Ebola: How the Middle East is keeping the virus at bay

Published October 26th, 2014 - 15:34 GMT

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New York City joined the list of cities grappling with Ebola when Médecins Sans Frontières confirmed on Thursday that one of their doctors was infected with the deadly virus. Dr. Craig Spencer had just returned to the United States after volunteering with MSF in the West African nation of Guinea. Back home, he self-monitored for symptoms, and when a fever spiked on Saturday he checked into hospital isolation. Officials immediately retraced his recent city travels, quarantined his fiancée and sought to quell public panic with a consistent media chorus of factual rationality. What makes this NYC outbreak unique? The new media focus on calm. Continue reading below »

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Algerian health authorities have mobilized medical workers, medicine and equipment to their southern border to counter the spread of Ebola. There is a dedicated isolation unit at Si Haoues Hospital of Tindouf, and thermal detection devices have been set up at border crossings and Tindouf Airport. There have been no cases of Ebola in Algeria.
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Image 1 of 10:  1 / 10Algerian health authorities have mobilized medical workers, medicine and equipment to their southern border to counter the spread of Ebola. There is a dedicated isolation unit at Si Haoues Hospital of Tindouf, and thermal detection devices have been set up at border crossings and Tindouf Airport. There have been no cases of Ebola in Algeria.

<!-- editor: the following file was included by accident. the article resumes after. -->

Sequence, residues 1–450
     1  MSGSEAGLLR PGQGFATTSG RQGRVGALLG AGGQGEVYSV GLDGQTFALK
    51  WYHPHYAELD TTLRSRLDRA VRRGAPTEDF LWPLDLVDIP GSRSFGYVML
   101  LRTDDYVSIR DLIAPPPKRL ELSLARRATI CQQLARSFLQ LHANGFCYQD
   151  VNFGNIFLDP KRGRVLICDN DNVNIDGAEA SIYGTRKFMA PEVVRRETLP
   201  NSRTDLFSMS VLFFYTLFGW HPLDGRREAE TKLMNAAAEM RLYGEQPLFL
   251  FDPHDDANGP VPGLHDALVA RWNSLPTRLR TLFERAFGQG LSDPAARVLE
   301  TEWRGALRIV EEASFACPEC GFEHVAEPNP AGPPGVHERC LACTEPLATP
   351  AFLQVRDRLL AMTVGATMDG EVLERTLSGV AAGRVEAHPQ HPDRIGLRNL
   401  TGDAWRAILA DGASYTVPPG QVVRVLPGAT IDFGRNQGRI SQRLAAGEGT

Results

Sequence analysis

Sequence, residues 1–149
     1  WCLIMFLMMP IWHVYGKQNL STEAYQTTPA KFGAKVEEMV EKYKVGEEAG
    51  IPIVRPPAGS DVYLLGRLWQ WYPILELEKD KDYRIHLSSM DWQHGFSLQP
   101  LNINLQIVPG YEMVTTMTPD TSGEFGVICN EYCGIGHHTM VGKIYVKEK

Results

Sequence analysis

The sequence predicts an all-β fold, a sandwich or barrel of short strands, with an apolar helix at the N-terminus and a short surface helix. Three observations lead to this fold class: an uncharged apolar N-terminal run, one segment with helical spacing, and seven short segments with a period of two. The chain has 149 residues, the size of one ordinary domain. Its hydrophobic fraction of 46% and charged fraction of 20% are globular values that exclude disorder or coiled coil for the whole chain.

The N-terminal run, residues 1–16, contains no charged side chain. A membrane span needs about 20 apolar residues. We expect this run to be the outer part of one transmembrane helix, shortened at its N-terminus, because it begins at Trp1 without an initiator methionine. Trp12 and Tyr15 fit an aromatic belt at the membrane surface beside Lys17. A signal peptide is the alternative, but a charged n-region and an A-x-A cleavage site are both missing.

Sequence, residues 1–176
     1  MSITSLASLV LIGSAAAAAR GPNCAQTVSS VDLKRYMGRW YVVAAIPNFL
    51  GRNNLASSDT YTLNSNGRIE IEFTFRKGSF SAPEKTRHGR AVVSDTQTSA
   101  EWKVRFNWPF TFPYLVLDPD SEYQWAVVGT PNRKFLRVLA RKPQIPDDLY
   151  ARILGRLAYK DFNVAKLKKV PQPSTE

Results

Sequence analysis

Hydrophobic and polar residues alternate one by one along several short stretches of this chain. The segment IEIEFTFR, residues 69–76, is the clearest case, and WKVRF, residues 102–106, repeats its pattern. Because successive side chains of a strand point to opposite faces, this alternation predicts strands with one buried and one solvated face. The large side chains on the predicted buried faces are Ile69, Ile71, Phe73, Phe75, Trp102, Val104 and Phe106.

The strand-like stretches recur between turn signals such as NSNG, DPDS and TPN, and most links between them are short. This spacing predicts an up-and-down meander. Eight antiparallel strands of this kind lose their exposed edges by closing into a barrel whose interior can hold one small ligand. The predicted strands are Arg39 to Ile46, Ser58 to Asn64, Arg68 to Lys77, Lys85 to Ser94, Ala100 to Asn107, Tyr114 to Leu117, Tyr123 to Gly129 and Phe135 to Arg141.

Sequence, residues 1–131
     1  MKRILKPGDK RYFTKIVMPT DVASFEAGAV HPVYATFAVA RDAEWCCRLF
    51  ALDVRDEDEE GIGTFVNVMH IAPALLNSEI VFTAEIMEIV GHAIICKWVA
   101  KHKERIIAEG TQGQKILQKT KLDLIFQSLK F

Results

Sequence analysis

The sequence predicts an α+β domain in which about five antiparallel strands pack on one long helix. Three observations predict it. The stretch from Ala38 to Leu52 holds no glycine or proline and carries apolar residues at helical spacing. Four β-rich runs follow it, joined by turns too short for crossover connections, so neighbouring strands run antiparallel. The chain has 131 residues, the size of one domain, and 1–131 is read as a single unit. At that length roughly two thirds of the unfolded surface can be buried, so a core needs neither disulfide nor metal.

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An Anti-Ebola Technical Committee is implementing disease control measures at all Tunisian airports where arrivals are examined using heat-detection cameras, and the Tunisian National Observatory of New and Emerging Diseases says key hospitals are geared up to isolate patients. Tunisia’s first suspected Ebola case was identified last week.
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Image 2 of 10:  2 / 10An Anti-Ebola Technical Committee is implementing disease control measures at all Tunisian airports where arrivals are examined using heat-detection cameras, and the Tunisian National Observatory of New and Emerging Diseases says key hospitals are geared up to isolate patients. Tunisia’s first suspected Ebola case was identified last week.

Enlarge
Morocco conducts extra health screening at national entry points, including Casablanca Airport. Encouraged by the WHO, Royal Air Maroc still flies to West Africa to aid the steady flow of aid workers and supplies. In August, an Ebola-infected Liberian travelled to Morocco where he died; the nation is currently Ebola-free.
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Image 3 of 10:  3 / 10Morocco conducts extra health screening at national entry points, including Casablanca Airport. Encouraged by the WHO, Royal Air Maroc still flies to West Africa to aid the steady flow of aid workers and supplies. In August, an Ebola-infected Liberian travelled to Morocco where he died; the nation is currently Ebola-free.

Enlarge
Jordan’s Ministry of Health is monitoring travelers from the three West African nations hit hardest by Ebola as they arrive at Jordan's airports. Detection devices have not been installed, but symptomatic passengers will be tested and isolated pending further medical examination. To date, there have been no cases in Jordan.